Capital gains tax on the sale of French property: What you need to know post-Brexit
Are you a UK resident who’s planning on selling your second residence in France? If so, be aware that the capital gains tax (CGT) rate is set to surge once the Brexit transition period concludes on 31st December 2020. Chartered Financial Planner Piers Bonnett takes a closer look at this upcoming change.
Down to the wire
At the time of writing, weeks of intensive talks between officials on the matter of Brexit have failed to overcome hurdles on fundamental issues. Time is fast running out to reach an agreement before the UK ceases following EU trade rules on 31st December 2020, with Prime Minister Boris Johnson declaring that there’s a “strong possibility” of no deal.
One thing is certain, though – on 1st January 2021, Britons will lose their EU citizenship. They’ll no longer be able to enjoy the same rights when travelling to and being in the EU, including the right to free movement. Not only that, but those who have a second property in France will also be affected, as once the Brexit transition period ends, they face a sharp rise in their capital gains tax. But what will this change actually look like?
For more context, there are two sets of tax to pay in France when selling a property: CGT (19%) and social charges (17.2%). As a result of a change in law in 2019, the standard social charges rate decreases to 7.5% if you’re an EU or EEA citizen covered by your country’s healthcare system. In other words, this gives a combined total rate of 26.5% in tax at the point of sale.
However, as of 1st January 2021 and once out of the EU, UK residents will no longer be able to benefit from this exemption, meaning sellers will be faced with a total tax bill of 36.2% on the profit made from the sale.1
Exception to the rule
After the withdrawal agreement ends, it’s probable that social charges levied on gains will rise from 7.5% to 17.2% for British residents who sell their second property in France. Nevertheless, there’s always an exception to the rule, and the situation is not always clear-cut, which can cause confusion. Seeking financial and tax advice is always a good starting point to review your financial position, so as to be fully informed about the range of exemptions available to sellers.
One example is that you’re not subject to either of the French taxes on the gain if your property’s been in your possession for 30 years or more. Some people may have already chosen to get ahead of the curve and sell up in the UK, moving to France before the end of 2020 and making France their primary residence. This therefore allows them to sell their house without any CGT using the main residence exemption.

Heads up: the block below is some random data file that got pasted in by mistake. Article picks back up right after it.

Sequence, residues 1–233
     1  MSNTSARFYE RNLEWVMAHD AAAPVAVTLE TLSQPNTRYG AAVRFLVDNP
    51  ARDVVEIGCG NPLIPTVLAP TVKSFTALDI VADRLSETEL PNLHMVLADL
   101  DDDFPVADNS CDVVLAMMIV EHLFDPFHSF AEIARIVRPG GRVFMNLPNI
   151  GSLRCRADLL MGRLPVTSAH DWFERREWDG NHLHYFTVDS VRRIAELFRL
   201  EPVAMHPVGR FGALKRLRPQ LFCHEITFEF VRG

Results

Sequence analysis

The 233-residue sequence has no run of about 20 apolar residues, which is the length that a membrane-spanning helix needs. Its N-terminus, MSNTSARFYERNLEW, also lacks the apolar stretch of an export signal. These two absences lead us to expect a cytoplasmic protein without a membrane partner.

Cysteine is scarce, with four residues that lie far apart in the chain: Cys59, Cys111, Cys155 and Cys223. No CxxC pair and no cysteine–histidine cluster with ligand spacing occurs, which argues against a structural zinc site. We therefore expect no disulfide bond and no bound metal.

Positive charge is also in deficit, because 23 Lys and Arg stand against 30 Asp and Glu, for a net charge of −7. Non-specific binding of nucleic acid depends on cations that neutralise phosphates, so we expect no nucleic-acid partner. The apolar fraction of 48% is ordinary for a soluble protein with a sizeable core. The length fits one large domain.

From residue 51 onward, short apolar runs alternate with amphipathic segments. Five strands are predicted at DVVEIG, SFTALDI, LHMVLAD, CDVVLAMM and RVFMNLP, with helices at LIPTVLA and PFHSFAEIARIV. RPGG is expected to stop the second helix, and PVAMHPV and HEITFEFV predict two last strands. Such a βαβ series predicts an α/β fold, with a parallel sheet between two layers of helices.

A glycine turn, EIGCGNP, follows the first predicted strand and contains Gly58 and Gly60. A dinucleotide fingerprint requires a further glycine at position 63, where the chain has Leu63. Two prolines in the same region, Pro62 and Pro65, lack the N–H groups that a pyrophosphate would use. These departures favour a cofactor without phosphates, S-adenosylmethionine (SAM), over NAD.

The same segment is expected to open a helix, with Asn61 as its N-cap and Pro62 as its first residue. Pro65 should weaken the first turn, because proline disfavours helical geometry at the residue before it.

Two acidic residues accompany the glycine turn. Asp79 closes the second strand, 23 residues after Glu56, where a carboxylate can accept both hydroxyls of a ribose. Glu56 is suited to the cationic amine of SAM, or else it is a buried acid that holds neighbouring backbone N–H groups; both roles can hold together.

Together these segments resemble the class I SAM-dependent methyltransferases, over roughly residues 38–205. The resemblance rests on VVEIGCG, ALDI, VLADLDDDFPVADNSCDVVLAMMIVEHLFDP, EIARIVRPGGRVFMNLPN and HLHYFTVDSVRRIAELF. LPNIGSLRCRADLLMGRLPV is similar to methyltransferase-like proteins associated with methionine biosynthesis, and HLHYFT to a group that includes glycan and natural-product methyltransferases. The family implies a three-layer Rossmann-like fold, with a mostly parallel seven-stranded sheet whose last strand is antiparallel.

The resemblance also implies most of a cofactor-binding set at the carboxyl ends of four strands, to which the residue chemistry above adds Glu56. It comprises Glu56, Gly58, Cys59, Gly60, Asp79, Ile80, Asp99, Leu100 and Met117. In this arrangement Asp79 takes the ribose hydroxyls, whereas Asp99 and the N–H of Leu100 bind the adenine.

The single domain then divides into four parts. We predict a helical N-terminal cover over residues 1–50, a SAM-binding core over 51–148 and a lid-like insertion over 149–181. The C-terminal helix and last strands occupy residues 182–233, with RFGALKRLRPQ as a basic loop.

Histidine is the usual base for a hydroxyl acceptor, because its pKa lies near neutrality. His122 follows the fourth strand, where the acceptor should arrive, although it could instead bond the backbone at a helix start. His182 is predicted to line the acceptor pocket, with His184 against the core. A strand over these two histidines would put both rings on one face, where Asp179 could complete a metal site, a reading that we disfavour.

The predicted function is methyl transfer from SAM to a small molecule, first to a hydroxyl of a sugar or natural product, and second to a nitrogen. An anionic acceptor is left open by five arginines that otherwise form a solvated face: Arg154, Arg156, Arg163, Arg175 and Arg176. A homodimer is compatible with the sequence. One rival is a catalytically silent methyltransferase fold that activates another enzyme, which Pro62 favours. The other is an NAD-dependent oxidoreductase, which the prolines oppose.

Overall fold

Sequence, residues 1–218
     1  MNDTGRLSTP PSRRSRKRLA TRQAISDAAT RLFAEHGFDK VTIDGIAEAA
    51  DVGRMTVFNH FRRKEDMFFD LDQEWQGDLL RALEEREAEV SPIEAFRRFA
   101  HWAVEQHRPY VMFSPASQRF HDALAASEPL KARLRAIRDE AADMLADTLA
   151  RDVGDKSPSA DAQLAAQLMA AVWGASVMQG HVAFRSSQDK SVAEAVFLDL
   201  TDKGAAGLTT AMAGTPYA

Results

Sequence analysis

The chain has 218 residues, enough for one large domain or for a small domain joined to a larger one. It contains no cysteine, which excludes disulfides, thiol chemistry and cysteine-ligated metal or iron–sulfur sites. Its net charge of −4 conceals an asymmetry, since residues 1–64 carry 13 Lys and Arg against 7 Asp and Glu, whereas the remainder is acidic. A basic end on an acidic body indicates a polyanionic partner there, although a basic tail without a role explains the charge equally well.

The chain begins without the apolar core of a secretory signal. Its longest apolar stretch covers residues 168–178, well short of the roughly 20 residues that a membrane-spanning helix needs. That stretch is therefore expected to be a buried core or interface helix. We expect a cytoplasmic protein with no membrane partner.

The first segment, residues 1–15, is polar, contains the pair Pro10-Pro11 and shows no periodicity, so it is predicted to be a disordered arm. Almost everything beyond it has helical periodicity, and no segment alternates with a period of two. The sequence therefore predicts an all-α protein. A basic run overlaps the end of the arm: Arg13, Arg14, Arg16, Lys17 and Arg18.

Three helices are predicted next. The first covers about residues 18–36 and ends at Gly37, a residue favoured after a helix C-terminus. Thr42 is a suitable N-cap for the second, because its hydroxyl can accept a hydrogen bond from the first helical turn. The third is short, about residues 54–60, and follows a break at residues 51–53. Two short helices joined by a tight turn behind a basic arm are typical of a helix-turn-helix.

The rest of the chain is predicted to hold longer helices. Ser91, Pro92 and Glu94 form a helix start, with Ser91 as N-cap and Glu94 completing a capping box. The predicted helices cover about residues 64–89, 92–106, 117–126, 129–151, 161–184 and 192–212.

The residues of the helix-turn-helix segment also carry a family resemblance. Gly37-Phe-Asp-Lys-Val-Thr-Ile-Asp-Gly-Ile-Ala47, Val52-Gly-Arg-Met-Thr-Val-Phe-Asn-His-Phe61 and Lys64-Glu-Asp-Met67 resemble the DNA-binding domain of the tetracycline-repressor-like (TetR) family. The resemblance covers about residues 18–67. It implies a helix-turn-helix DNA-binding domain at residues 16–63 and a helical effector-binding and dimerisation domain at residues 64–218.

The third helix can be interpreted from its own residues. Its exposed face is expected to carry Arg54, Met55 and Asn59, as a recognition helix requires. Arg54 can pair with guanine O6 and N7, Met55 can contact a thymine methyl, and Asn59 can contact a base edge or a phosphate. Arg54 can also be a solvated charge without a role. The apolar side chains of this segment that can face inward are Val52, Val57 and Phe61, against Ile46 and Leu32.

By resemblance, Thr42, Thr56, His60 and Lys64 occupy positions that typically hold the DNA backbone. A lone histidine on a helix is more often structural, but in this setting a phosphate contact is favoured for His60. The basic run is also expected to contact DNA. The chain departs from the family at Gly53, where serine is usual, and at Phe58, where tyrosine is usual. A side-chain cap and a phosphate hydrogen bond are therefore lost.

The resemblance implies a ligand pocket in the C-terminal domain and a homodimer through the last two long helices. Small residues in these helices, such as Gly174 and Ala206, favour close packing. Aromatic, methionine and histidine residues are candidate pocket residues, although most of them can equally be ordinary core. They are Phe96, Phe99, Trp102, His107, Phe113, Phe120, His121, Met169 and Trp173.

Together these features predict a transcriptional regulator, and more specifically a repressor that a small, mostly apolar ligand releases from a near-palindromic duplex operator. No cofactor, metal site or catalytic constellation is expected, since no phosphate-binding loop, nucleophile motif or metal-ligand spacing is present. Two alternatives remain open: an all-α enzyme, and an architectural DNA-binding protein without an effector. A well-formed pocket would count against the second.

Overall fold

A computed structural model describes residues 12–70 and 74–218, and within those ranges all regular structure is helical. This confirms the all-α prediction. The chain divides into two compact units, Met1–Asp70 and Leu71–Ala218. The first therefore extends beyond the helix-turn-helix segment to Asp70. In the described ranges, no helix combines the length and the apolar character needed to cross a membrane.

Cover all bases
In an interview with International Adviser, Joanne Leach, Senior Client Director for France at Strabens Hall, said that the levies go further than CGT and social charges, and that UK residents need to appoint a “fiscal tax representative”, which charges approximately 1% of the sale price.
“Currently, as a member of the EU, we are not required by law to appoint one, but once the UK leaves the EU, [Brits] will be obliged to make a capital gains declaration supported by a tax representative accredited by the French Tax Authority,” she adds.2
The Société Accréditée de Représentation Fiscale (SARF) [the French accredited society for fiscal representation] is one such representative which guarantees the accuracy of the calculation and the payment of the tax, and will deal with any litigation which may arise. The SARF usually charges 1% of the sale price, but you are not obliged to appoint them.3
As things stand, UK nationals can stay in France, and other EU countries, for as long as they wish. However, the Schengen Visa Info website raises the fact that this too is set to change, as most EU member states have a rule that non-EU citizens can only stay for a maximum of three months within any six-month period.
“Britons must remember the fact that the 90-day rule applies to the total number of days for all countries in the Schengen Area, and not only the stay in France. i.e. one cannot stay for 90 days in France and then travel to Germany to spend more days there.
“Violating this rule has its consequences, as those who stay in the EU more than the permitted period are fined and even deported to their countries. If the overstay is repeated, one may also be banned from entering the block for a certain period.”4
The website also mentions that the EU is set to realise its plans to increase security and make it compulsory for non-EU citizens to have travel authorisation to enter France, even for short stays. The scheme, called The European Travel Information Authorisation System (ETIAS,) is set to launch on the same day the UK leaves the EU, but it won’t be compulsory until the end of 2022.
For more information
If you are interested in discussing any of the issues raised in this article further, please don’t hesitate to get in touch on 01444 244551 or email me at Piers.Bonnett@sjpp.co.uk, and I’ll be happy to answer any questions you may have.